This happens quite often: I start reading a book, and within a few pages I find myself thrown out of the story. Maybe there are too many grammatical errors, or the story doesn’t make sense, or possibly the writing is bland and uninspiring. I’ve read too many books in need of an edit, and sympathise with those who moan at the amateur nature of independently-published books.
But I don’t like to give up on books, so I plough through to the end, inwardly moaning about the hours of my time I’m wasting.
Then I’ll pop on to Amazon or Goodreads, interested to read what others thought of the book. And I’ll be confronted with pages of five-star reviews. They’ll praise the exciting story (that I considered tedious and predictable), or the wonderful characters (that I found to be cardboard cut-out cliches). These reviews talk of the enjoyment they got from the story, and how much they’re looking forward to that author’s next book.
This happens often enough that I wonder if I missed something, or if my judgement on books is awry.
But it isn’t. What I think of a particular book is what I think of it. It’s my personal opinion.
There is no right or wrong here. Everyone is different. What I look for in a good book will not necessarily correspond with others’ idea of an enjoyable read.
Other people will have different opinions.
Some readers can’t get past more than a handful of grammar issues, but others don’t even notice the mistakes. Some readers are turned off by bland descriptions, while others are enraptured with the dialogue in the very same book. Some people enjoy the richness of the language, while to others the words are nothing more than a way of getting the story across.
Everyone is different, in both their preferences and what they expect from a book. An author like Dan Brown is often frowned upon by those who prefer more intellectual books (whatever they are), but he has far more readers than any of the year’s Booker nominees. James Joyce’s works are considered classics by some, and undreadable nonsense by others. Some people relate to Twilight‘s Bella, and others find her a nonentity.
This doesn’t only happen in books, of course. A new art-house film might receive outstanding reviews from film critics, but it will never come close to making as much money as the latest big-budget effects-driven spectacular. The latest pop music sensation will easily outsell a band that is pushing the boundaries of music. Sometimes, a musician might straddle both ‘popular’ and ‘experimental’ music, but they are rare indeed. Bjork continues to produce challenging music, but she is no longer the ‘popular’ artist she was when she had hits with tracks such as ‘It’s Oh So Quiet’ or ‘Human Behaviour’.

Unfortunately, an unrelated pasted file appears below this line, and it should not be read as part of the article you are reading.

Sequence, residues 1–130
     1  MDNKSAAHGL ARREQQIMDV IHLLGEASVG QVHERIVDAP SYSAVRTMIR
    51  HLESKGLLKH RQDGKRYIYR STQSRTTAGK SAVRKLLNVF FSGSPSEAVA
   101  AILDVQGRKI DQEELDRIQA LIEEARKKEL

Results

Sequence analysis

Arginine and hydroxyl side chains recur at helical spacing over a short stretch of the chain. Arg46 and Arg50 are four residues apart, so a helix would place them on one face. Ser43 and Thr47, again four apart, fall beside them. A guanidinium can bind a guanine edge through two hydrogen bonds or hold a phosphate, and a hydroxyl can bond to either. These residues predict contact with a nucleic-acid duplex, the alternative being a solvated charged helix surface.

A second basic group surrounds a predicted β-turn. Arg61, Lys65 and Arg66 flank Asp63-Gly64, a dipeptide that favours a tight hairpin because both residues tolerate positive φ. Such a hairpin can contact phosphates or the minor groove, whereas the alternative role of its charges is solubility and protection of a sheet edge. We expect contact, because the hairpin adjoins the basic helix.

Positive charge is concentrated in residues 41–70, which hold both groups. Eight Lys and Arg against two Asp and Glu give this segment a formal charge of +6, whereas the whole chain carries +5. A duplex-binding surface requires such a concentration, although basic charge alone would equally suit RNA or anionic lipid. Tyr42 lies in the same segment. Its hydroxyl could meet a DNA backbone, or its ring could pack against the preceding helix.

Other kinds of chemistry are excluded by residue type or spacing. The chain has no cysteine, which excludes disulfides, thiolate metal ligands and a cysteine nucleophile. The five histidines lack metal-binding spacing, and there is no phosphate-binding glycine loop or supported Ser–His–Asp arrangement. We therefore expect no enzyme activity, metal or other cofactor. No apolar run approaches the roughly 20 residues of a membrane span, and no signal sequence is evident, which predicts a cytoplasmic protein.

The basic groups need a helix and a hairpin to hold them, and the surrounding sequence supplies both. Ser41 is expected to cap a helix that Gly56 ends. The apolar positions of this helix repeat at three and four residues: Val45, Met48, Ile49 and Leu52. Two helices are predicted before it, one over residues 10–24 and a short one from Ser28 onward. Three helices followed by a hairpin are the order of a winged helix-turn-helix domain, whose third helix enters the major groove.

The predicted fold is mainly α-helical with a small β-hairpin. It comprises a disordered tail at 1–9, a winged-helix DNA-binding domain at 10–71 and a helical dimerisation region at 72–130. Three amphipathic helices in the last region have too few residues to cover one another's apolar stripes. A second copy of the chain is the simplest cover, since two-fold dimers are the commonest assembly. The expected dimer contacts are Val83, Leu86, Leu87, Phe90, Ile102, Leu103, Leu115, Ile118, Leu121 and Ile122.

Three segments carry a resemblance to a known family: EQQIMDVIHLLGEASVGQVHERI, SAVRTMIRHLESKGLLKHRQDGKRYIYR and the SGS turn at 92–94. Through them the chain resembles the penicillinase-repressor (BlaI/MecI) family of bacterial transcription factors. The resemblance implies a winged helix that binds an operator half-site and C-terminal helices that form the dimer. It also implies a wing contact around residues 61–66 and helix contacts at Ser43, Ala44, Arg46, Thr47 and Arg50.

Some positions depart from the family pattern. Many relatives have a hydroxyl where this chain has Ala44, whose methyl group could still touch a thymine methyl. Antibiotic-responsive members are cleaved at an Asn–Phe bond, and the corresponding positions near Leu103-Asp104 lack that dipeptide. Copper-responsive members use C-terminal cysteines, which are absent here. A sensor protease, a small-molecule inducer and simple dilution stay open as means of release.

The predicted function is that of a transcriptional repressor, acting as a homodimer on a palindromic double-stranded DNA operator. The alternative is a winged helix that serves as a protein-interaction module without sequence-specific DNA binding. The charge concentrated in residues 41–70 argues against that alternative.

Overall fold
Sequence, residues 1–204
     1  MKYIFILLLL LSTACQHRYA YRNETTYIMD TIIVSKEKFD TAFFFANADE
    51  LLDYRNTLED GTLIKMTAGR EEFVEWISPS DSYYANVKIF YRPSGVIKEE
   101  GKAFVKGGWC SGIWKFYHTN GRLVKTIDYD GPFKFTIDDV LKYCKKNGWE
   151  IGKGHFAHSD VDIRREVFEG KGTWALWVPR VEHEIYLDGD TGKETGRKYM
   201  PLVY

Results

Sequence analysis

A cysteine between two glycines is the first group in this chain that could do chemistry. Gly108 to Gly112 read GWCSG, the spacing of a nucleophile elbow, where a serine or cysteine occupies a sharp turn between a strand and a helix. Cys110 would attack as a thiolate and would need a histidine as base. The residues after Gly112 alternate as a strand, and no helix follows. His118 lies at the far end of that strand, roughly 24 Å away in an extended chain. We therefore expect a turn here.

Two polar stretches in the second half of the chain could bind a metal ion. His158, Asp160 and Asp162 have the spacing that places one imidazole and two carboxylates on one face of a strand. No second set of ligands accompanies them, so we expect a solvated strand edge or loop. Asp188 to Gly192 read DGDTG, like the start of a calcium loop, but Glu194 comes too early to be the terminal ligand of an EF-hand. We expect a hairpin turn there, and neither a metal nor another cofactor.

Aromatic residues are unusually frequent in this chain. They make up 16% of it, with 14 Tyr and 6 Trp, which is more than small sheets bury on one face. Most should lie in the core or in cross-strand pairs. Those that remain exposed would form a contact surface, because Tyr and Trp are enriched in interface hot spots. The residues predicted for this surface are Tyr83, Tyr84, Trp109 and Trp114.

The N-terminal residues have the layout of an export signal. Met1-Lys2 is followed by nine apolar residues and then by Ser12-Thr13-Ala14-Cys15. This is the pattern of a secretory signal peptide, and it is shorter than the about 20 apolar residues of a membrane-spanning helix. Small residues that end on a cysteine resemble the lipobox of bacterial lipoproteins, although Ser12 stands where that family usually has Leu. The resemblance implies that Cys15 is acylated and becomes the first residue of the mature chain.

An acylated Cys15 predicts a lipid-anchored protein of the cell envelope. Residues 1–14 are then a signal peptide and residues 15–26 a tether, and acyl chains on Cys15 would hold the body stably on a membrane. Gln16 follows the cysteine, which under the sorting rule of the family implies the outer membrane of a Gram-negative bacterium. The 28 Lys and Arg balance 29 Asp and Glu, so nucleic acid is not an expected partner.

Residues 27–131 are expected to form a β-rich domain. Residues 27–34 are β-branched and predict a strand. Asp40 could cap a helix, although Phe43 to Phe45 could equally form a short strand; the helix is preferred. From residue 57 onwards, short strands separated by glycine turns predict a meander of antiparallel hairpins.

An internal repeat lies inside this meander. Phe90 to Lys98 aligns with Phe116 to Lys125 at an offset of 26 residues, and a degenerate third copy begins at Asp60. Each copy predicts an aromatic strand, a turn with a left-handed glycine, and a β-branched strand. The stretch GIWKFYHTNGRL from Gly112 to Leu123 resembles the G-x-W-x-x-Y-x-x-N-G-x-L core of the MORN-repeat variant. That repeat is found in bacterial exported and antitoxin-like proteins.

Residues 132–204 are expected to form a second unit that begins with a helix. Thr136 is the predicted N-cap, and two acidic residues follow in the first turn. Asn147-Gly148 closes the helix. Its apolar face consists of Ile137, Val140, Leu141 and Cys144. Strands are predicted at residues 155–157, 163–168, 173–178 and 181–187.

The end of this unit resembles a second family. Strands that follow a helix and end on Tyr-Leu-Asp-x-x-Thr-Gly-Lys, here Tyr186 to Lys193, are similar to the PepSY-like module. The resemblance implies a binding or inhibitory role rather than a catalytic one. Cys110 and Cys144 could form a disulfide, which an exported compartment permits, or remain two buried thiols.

So if her older music was more popular, is it better than her latest stuff?
That’s not a sensible question. It’s different. Each album is what it is. Just as each book by each author is what it is. As every author is individual, so is every reader. Every reader is seeking something different from a book.
So no, I’m not in the wrong if I don’t enjoy a book that others view as a classic. I might not have the same opinion as the majority of others, but that doesn’t mean I’m wrong. Just different.
And that is why reviews can only ever be guidelines. For all the importance placed on them, especially in the independent-publishing field, they are not fact. A load of good reviews might mean that the book is popular, but they are still only the opinions of individuals.
Of course, reviews have their uses. If a review favourably compares a book to one of your favourites, of it that reviewer has given positive reviews to other books you like, then you might want to check the book out. If the reviews talk about plot twists, or evocative language, or snappy, sarcastic dialogue, and you enjoy these things, then it’s more likely that you will agree with their opinion of the book.
Negative reviews can be ‘positive’ in guiding a reader to a book too. If you enjoy violence and lots of swearing in your books, and a negative review decries the coarse language and gore-filled descriptions, this might be the book for you. If the reviewer moans that the sappy relationship gets in the way of the mystery, but you like romance stories, that could be a good sign.
So is there a lesson in this? If there is, it is probably to take reviews with a pinch of salt. Read them, yes. Take note of the thoughts of others. But don’t take their word as anything other than their personal opinions. Understand that when you read the book, you are doing so for yourself, not for them. Remember that you can think for yourself, and you can reach your own conclusions.
If you disagree with a review, it’s not a case of right and wrong, just a difference of opinion.